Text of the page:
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Congressional science fellows: Broadening horizons
With much of the nation paying close attention to issues relating to climate, energy and the environment, it is a good time to get more science to Capitol Hill, to help advise policy-makers on these key issues. Fortunately, a new crop of earth science congressional science fellows has arrived, eager to put their backgrounds to work as staffers for senators, representatives and committees. The five earth science fellows (out of 34 total scientists and engineers) span disciplines from climatology to oceanography to soil science, but share a common interest in finding sustainable solutions to an impending national energy crisis and to climate change, as well as to broadening their own scientific and political horizons.
Four of the earth science congressional science fellows currently working on the Hill are (left to right): James Bradbury, climatologist; Craig Cooper, oceanographer; Mark Wenzel, planetary scientist; Allyson Anderson, petrophysicist. Photograph is by Carolyn Gramling.
Before arriving in Washington, D.C., as the Geological Society of America’s congressional science fellow, oceanographer Craig Cooper spent the last six years at the Idaho National Laboratory (INL) in Idaho Falls. “I was an oceanographer in Idaho,” Cooper says, laughing. He sees that unlikely juxtaposition, however, as just the first step to diversifying his career.
While a doctoral student in oceanography at Texas A&M University in College Station, Cooper investigated the interactions of microbes with metals and nutrients in shallow marine sediments, earning his Ph.D. in 1998. From there, he soon moved on to INL, where he began working on biogeochemical cycling and microbiology in the shallow, unsaturated zone above the water table.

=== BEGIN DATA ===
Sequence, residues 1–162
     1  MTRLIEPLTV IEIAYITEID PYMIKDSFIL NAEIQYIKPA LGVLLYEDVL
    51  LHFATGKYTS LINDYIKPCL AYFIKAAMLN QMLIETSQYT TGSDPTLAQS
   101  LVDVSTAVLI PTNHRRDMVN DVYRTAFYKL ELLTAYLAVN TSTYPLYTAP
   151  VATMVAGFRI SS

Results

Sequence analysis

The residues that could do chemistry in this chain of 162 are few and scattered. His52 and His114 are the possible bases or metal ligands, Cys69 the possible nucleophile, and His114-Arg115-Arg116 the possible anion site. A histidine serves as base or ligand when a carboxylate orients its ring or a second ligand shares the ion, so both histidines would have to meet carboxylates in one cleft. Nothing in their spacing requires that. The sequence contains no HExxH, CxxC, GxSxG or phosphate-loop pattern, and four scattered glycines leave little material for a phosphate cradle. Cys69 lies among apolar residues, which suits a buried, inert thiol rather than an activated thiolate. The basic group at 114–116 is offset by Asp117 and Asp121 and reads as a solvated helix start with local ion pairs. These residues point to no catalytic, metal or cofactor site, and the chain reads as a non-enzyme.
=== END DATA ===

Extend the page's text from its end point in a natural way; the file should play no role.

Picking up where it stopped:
Over the past few years, however, he says that he has become “more of an energy systems and environmental person,” turning his attention to the more wide-ranging question of how to use natural resources while minimizing impact on the environment. Now, Cooper says, he is interested in “looking more at technology and policy, and how to go about solving the energy problems the country faces in an environmentally sustainable way.”
As a fellow in Sen. Dianne Feinstein’s (D-Calif.) office, Cooper says he expects to work on “climate change, climate change and climate change.” The task, he says, will be finding a way to join the often conflict-ridden perspectives of the energy and environmental sectors to create comprehensive legislation on climate change, and he hopes that he will be able to help develop a bill that “really addresses climate change in a serious way.”
Climate change also motivated James Bradbury, who is sponsored by the American Meteorological Society, to bridge the worlds of science and politics. “Climate becomes such a politicized issue,” Bradbury says. “And when you talk to people … about climate, they’ll say, ‘Well, what do we do about it?’” The politicization of issues such as climate, energy and the environment has been an interest throughout his academic career, Bradbury says. “So it seemed like a good direction to go for me.”
Having recently defended his Ph.D. dissertation on how volcanic aerosols affect the East Asian monsoon, Bradbury now “wants to get more involved in policy,” he says. He chose to work with Rep. Jay Inslee (D-Wash.) from Washington’s First Congressional District, who Bradbury describes as “one of the few members of Congress who really runs on energy and the environment.”
During his fellowship, Bradbury says he plans to focus on the Apollo Energy project, legislation sponsored by Inslee that proposes to reduce reliance on Middle East oil, while also creating jobs and addressing environmental concerns. “I would love to contribute to efforts that put forth more sustainable energy solutions for this country,” and to be “part of getting something good proposed, and seeing it through,” Bradbury says.
Making a real contribution to society is also what drew Mark Wenzel, the American Geophysical Union’s congressional science fellow, to the program. “I wanted a career where I could be a generalist, and also a career where I could be of service,” he says.